I got a cold over the 2015 holidays and suffered the worst fatigue and brain fog I’d ever known. At the time I was just starting to look for a social work practicum placement. There was no way I could commit to working 15 hours a week out of my home, so for the second time I had to withdraw from school.
This time, however, I didn't panic. I spent that winter using the time to learn new things. I taught myself calligraphy, I read, and I wrote more often on my blog.
Since the spring, my energy has begun to slowly improve. I've found a kind of peace in accepting that whatever I do next, it needs to allow me to work with my body and not against it. I think that's why blogging and writing has 'clicked' more for me now than when I first started.
Being at home allows me to respond to each day as it is. I'm fortunate to be able to stay at home. I sleep in late because without 10 hours I am a brain-fogged zombie. I can't type because of shoulder pain but I can use speech recognition software.
I stretch, do gentle exercise, walk, and make sure I move around during the day. I balance my activities with self-care, which is how I am able live more fully, even with fibromyalgia.
I'm a total nerd. I love taking free online courses, like on Coursera. I've become a TV junkie and love Netflix. I think lots of shows today are better than movies.
Because reading is hard for me, I listen to audiobooks. All I read are mysteries, even though I always say I'm going to read literary type books. My husband's cat Lily has turned me into a total cat person. She is the perfect companion for my slow paced days at home.
Everyone has their own journey through chronic illness, so trust your instincts and not the 'experts.' Cultivate your own sources of happiness and satisfaction, instead of what the outside world validates (work, success, income, etc.).
My motto is something I read — "It's not the life you imagined, but it's a good life nonetheless." Take an integrative approach to your treatment, trying mainstream medical and alternative therapies. Most importantly, practice self-care like it's your full-time job — because it is now.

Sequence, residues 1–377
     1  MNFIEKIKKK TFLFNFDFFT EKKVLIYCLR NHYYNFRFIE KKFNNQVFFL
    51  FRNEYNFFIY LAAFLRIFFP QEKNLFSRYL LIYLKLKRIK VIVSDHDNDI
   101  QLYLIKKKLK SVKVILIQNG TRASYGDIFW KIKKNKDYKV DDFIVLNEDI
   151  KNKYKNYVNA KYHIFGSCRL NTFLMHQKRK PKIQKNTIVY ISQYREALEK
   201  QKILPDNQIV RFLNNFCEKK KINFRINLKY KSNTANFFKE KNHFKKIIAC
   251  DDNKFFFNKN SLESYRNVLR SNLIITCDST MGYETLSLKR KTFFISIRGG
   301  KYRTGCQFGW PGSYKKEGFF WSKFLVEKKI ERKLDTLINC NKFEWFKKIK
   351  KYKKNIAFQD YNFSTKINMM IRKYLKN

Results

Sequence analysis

It's not the life you imagined, but it's a good life nonetheless.
I'm proud of how I've grown through all of the challenges of chronic illness. Learning mindfulness meditation and focusing on the present has given me a more helpful perspective.
I'm a happier person when I remember to 'stop and smell the roses.' I feel like I’ve become more patient, more adaptable, more assertive and more accepting than I was before fibromyalgia.
I'm proud of learning calligraphy on my own and of expressing my creativity. That wasn't something I ever made time for in the past! I'm also proud of my blog and my writing. I've been able to work on finding my writing voice outside of dry academia, which has been gratifying.
I'm proud of making it through every day, especially on the tough days where no amount of self-care stops your symptoms, and you just have to hold on to the knowledge that it will pass. Everyone living with chronic illness should be proud of the strength they have developed to manage daily life.
I am an ePatient blogger, freelance writer and health advocate. Five years ago, I was diagnosed with fibromyalgia.
On my health journey, I have learned about the power of self-care skills to improve my health and wellbeing. On my blog, I write about learning to be skillfully well, even while living with a chronic condition.
I live in Toronto, Canada with my husband and our cat Lily. I love learning, reading, being outside, Netflix, calligraphy and coffee!